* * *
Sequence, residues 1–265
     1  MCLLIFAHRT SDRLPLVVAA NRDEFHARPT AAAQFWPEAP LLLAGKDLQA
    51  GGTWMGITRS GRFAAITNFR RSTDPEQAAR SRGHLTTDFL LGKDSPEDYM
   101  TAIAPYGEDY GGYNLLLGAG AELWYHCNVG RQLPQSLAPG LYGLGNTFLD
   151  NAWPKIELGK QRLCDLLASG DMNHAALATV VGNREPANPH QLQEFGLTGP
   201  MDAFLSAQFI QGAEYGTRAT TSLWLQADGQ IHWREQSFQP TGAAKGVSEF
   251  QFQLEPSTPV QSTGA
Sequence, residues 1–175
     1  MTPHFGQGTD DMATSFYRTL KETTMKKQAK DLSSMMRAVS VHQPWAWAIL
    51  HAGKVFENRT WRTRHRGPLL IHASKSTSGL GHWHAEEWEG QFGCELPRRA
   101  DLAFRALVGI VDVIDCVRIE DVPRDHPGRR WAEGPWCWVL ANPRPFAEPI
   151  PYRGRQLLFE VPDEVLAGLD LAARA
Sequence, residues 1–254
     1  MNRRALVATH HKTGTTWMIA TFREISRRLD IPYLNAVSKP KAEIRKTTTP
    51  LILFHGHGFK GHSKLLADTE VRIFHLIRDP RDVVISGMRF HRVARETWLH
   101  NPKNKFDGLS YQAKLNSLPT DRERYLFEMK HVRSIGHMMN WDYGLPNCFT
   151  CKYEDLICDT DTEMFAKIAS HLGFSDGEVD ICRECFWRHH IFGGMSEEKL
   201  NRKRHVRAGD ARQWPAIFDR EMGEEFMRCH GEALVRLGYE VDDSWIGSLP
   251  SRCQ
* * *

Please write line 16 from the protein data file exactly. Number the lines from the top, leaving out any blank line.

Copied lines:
   101  NPKNKFDGLS YQAKLNSLPT DRERYLFEMK HVRSIGHMMN WDYGLPNCFT